Washington (AFP) – More than 50 years after the last Apollo mission, the United States will once again attempt to land a spacecraft on the Moon on January 25, said the head of what could be the first private company to successfully land on the lunar surface. .
Published on: 11/30/2023 – 03:41
The lander, named Peregrine, will have no one on board. It was developed by US company Astrobotic, whose CEO John Thornton said it would carry NASA instruments to study the lunar environment in preparation for NASA’s Artemis manned missions.
Several years ago, NASA chose to commission American companies to send scientific experiments and technology to the Moon – a program called CLPS.
These fixed-price contracts should make it possible to develop a lunar economy and provide transport services at lower costs.
“One of the big challenges of what we’re attempting here is to attempt a launch and landing on the surface of the Moon for a fraction of what it would otherwise cost,” Thornton said Wednesday during a press briefing at his company’s base in Pittsburgh.
“Only about half of the missions carried out on the surface of the Moon have been successful,” he said.
“So it’s certainly a big challenge.” I’m going to be both terrified and thrilled every step of this. »
Takeoff is scheduled for December 24 from Florida aboard the inaugural flight of the new rocket from the industrial group ULA, called Vulcan Centaur.
The probe will then take “a few days” to reach lunar orbit, but will have to wait until Jan. 25 before attempting to land, so that lighting conditions at the target location are good, Thornton said.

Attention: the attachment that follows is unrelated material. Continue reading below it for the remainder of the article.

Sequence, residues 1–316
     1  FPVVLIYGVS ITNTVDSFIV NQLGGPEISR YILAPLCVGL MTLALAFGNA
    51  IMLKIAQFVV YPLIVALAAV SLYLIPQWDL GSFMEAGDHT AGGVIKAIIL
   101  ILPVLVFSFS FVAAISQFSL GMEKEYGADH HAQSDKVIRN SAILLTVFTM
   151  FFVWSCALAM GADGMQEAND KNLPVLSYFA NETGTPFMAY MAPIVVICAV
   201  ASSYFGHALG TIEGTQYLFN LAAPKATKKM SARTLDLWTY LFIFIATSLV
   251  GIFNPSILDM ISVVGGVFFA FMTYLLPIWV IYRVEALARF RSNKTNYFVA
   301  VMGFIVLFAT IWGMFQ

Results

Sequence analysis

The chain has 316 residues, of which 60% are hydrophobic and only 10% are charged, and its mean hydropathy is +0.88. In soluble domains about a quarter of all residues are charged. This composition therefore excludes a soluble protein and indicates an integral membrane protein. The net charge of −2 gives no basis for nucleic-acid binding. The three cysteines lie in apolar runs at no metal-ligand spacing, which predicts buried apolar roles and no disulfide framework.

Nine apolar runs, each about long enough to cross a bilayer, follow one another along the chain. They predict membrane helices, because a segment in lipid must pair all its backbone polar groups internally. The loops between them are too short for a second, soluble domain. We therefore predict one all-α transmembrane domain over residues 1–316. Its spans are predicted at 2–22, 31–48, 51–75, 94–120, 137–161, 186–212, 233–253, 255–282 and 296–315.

The descent will be carried out autonomously, without human intervention, but will be monitored from the company’s control center.
In the spring, the Japanese start-up ispace had already attempted to become the first private company to land on the Moon, but the mission ended in a crash. Israel also suffered a setback in 2019. Only four countries have successfully landed on the Moon: the United States, Russia, China and, most recently, India.
In addition to Astrobotic, NASA has signed contracts with other companies, such as Firefly Aerospace, Draper and Intuitive Machines.
The latter is due to take off aboard a SpaceX rocket in January.
“NASA leadership is aware of the risks and has accepted that some of these missions could fail,” said Chris Culbert, CLPS program manager.
“But even if each landing fails, CLPS has already impacted the commercial infrastructure needed to establish a lunar economy,” he said.
With its Artemis program, NASA wants to establish a base on the surface of the Moon.
© 2023 AFP